“Lao Brigadier General Bouasieng Champaphanh, along with other senior Lao Peoples Army commanders and Politburo members, have engaged in efforts before the United Nations to deny and cover-up atrocities and war crimes committed in recent years to exterminate Hmong dissidents and unarmed civilians in the jungles and mountains of Laos, including in Xieng Khouang Province, Boulikhamxai and Vientiane Provinces,” said Philip Smith of the CPPA.
Online PR News – 29-December-2009 – – Nong Khai and Bangkok, Thailand and Washington, D.C., December 29, 2009
Concerns are growing about the background and history of a Lao general charged with the repatriation and resettlement of Hmong refugees from Thailand to Laos.
The head of the Lao effort to forcibly repatriate Lao Hmong refugees from Thailand to Laos is a senior Lao Peoples Army (LPA) general who has a track record of denying findings of war crimes and atrocities by Amnesty International, the United Nations and others. Brigadier General Bouasieng Champaphanh (AKA Bouaxieng Champaphanh or Bouxieng Champaphanh), chairman of the Lao-Thai general border sub-committee, is also the Deputy Chief of Staff for the Lao Armed Forces which has targeted the Hmong in Laos for military attacks and political and religious persecution. General Bouasieng Champaphanh has been put in charge of the Hmong repatriated from Thailand to Laos.
“Lao Brigadier General Bouasieng Champaphanh, along with other senior Lao Peoples Army commanders and Politburo members, have engaged in efforts before the United Nations to deny and cover-up atrocities and war crimes committed in recent years to exterminate Hmong dissidents and unarmed civilians in the jungles and mountains of Laos, including in Xieng Khouang Province, Boulikhamxai and Vientiane Provinces,” said Philip Smith, Executive Director of the Center for Public Policy Analysis.
“This is the equivalent of putting SS-Obersturmbannführer Adolf Eichmann in charge of the plan for the so-called ‘Jewish resettlement’ in Poland and Germany during World War II,” Smith continued.
In 2003, the United Nations Committee on the Elimination of Racial Discrimination passed a resolution in Geneva condemning the Lao Peoples Democratic Republic (LPDR) for atrocities against the Hmong including the rape and murder of Hmong children by LPA forces. Thereafter, it again raised concerns about attacks against Hmong civilians and opposition groups in Laos. http://www.universalhumanrightsindex.org/documents/824/1223/document/en/pdf/text.pdf
Amnesty International has also repeatedly documented atrocities against the Hmong by the LPA against Hmong civilians which were also denied by Laos and General Bouasieng and other LPA Generals. The LPA controls the central committee of the LPDR politburo with a majority of senior military officers controlling the communist party in Laos.
“Ironically, General Bouasieng Champaphanh, an officer in charge of military operations directed against the Hmong in Laos, placed LPA officers in charge of investigating the war crimes they were accused of committing in Xieng Khoang Province and elsewhere for the purpose of denying it to the United Nations after the passage of the resolution by the United Nations Committee in Geneva in 2003,” Smith said. “Earlier this year, Thailand’s Prime Minister and General Anupong Paochinda allowed General Bouasieng Champaphanh to visit the Hmong refugee camp at Ban Huay Nam Khao and speak to the refugees who repeatedly refused his demands to volunteer to return to Laos.”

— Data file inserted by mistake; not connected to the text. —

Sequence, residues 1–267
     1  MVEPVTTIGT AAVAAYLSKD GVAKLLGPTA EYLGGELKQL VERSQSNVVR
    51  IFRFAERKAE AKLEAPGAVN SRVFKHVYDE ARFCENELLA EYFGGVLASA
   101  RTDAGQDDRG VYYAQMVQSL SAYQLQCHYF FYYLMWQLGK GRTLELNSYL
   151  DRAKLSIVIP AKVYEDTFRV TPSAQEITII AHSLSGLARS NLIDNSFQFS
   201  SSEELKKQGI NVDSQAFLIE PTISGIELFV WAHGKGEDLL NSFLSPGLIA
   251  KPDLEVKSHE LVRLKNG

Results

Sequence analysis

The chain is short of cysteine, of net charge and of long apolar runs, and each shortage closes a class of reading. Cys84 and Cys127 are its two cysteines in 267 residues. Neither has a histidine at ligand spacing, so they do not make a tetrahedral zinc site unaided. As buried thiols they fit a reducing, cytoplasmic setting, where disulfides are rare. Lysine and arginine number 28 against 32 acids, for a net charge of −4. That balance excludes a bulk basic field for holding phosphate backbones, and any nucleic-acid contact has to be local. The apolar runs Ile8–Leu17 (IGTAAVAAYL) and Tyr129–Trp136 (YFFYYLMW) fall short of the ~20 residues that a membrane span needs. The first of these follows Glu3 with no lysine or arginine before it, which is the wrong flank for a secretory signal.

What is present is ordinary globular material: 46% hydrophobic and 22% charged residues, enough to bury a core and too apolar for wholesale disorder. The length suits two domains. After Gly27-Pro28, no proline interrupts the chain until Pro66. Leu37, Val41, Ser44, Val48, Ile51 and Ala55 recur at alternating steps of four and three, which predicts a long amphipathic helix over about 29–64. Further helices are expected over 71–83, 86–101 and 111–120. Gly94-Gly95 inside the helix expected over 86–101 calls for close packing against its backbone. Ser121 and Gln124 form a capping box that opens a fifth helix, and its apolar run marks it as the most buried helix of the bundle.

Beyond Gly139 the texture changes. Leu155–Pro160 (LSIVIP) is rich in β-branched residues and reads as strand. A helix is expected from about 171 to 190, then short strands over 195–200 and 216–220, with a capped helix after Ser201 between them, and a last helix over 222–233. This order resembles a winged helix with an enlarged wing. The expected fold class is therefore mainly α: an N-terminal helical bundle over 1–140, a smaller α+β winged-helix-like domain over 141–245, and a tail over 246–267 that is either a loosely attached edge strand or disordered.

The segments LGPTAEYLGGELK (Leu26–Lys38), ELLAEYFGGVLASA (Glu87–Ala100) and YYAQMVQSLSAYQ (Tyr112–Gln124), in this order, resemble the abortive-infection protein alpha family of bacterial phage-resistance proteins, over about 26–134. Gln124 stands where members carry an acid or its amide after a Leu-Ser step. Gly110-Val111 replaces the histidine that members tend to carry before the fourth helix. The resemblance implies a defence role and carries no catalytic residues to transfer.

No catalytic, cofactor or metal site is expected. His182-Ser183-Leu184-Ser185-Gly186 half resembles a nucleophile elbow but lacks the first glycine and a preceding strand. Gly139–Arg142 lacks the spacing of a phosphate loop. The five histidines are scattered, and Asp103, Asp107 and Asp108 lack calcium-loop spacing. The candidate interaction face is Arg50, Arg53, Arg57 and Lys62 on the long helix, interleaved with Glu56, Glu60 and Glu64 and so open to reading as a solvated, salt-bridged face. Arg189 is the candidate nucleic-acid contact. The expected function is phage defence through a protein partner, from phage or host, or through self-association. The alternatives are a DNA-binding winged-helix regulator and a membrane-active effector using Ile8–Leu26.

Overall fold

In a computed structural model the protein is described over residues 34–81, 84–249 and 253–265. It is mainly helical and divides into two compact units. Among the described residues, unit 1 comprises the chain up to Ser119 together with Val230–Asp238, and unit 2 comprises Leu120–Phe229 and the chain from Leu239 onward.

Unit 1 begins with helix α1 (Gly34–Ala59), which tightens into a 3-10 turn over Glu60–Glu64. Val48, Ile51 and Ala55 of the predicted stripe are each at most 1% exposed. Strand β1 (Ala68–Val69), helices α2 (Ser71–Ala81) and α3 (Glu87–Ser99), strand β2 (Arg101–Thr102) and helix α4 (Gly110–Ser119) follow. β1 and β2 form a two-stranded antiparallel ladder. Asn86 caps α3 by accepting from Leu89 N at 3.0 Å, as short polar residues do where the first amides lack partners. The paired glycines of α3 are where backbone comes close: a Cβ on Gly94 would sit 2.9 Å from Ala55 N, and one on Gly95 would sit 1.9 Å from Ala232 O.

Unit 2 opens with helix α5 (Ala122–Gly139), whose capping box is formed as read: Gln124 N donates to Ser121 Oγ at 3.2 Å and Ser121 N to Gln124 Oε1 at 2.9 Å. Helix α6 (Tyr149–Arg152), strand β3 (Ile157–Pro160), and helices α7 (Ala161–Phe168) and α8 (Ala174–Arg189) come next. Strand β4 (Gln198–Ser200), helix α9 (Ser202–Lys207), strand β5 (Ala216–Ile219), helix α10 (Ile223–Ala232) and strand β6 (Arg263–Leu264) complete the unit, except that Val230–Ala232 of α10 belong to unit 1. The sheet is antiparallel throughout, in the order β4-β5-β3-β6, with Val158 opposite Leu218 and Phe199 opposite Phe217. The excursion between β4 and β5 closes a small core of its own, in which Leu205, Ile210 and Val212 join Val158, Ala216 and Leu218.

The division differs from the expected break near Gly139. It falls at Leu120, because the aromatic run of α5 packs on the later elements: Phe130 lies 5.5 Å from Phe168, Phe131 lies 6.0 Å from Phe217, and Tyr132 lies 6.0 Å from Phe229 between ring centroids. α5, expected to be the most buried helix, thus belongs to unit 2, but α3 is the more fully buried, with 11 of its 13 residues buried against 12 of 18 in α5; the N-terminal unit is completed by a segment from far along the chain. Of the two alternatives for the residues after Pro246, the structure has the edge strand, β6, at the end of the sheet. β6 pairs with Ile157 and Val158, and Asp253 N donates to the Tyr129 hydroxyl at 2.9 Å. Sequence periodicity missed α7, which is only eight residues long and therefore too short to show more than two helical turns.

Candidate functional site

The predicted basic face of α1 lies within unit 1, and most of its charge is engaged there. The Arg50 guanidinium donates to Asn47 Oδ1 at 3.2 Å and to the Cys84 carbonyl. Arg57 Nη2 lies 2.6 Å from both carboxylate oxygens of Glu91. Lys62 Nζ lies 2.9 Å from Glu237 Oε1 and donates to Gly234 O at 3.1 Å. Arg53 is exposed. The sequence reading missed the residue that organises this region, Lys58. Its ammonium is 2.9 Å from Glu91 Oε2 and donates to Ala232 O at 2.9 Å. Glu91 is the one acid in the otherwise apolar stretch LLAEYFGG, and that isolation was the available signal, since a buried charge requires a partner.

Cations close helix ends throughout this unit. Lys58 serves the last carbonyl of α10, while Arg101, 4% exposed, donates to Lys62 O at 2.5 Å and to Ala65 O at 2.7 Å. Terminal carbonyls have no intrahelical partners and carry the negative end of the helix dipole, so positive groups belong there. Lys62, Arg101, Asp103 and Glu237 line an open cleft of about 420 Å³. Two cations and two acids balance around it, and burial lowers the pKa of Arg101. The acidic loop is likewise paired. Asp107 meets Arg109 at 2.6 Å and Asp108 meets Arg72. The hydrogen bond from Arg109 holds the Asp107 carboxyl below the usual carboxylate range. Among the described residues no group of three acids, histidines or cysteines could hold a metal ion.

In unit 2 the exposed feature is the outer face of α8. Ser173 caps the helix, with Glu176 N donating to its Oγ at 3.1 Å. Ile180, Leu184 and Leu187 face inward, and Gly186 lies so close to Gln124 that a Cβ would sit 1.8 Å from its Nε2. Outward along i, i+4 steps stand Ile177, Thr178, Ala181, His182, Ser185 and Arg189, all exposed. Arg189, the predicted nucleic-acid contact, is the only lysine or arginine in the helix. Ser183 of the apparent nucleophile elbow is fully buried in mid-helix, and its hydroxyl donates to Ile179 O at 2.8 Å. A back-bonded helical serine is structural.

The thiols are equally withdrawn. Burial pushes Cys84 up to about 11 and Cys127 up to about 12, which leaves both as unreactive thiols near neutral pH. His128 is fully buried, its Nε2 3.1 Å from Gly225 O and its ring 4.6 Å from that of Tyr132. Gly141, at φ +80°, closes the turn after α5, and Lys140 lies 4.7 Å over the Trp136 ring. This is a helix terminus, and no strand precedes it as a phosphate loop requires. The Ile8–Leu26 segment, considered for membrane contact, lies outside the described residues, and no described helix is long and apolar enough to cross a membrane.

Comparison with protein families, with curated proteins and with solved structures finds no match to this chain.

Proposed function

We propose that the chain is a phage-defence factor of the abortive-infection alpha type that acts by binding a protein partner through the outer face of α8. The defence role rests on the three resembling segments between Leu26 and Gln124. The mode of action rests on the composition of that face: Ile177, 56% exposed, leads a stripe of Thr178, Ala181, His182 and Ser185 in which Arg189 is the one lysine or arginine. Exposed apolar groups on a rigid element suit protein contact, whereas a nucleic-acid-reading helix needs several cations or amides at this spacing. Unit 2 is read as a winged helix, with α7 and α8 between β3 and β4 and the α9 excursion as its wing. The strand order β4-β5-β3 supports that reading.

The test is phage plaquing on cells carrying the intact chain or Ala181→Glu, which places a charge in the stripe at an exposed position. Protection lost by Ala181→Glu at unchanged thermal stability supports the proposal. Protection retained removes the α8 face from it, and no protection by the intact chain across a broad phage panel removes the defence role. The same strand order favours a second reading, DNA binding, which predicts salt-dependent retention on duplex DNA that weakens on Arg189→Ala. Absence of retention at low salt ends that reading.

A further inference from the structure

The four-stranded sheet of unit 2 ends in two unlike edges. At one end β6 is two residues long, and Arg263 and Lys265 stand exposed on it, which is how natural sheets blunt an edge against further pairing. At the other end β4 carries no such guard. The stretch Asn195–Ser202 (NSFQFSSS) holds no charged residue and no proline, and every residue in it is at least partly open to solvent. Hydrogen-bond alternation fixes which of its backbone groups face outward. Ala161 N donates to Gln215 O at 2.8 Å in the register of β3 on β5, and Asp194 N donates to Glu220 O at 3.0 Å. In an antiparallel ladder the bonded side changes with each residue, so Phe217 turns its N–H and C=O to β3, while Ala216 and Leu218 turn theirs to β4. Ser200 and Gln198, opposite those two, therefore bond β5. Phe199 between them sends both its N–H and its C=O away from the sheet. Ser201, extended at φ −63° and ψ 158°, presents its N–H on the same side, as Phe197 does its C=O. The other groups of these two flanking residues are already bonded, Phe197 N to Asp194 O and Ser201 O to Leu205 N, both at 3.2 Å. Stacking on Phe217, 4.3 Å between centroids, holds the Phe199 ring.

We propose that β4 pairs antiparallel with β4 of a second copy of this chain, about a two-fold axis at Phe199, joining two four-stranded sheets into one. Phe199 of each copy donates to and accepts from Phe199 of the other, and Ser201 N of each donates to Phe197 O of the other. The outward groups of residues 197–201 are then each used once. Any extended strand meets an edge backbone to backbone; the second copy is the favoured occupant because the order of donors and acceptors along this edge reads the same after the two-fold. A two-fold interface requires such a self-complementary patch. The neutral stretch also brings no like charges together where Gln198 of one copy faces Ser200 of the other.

“Brigadier General Bouasieng Champaphanh, Deputy Chief of Staff of the Lao Armed Forces, has also been in charge of denying all human rights violations regarding the Hmong, including denying all charges by Amnesty International and others,” Smith stated.
“The Chief of Staff of the Army and Deputy Chief of Staff, including the office of General Bouasieng Champaphanh, have authorized repeated ‘Einsatzgruppen’ ethnic cleansing operations, military operations and a campaign of mass starvation against many Lao Hmong civilians and dissident groups in recent months and years,” Smith said.
Laos does not have an independent judiciary. It is a one-party, authoritarian military regime.
In 2004, the U.S. Congress passed H. Res. 402 in response to the Hmong crisis in Laos and Thailand and attacks and human rights violations against Hmong and Laotian civilians and dissidents.
“Over the last three years, political analysts have painstakingly documented evidence that supports the ongoing persecution of Lao Hmong and Political Prisoners in secret detention centres throughout Laos. It is a broadly accepted view held by the International Community that the Lao Hmong Refugees will face similar persecution, arbitrary detention, torture, and possibly death, if forced back to Laos. Amnesty International, Human Rights Watch and the Foreign Prisoner Support Service have independently reported returnee abuse in Laos” said Kay Danes, advocate for the Foreign Prisoner Support Service in Australia and a former political prisoner in Laos.
Contact: Juan Lopez or Ms. Maria Gomez
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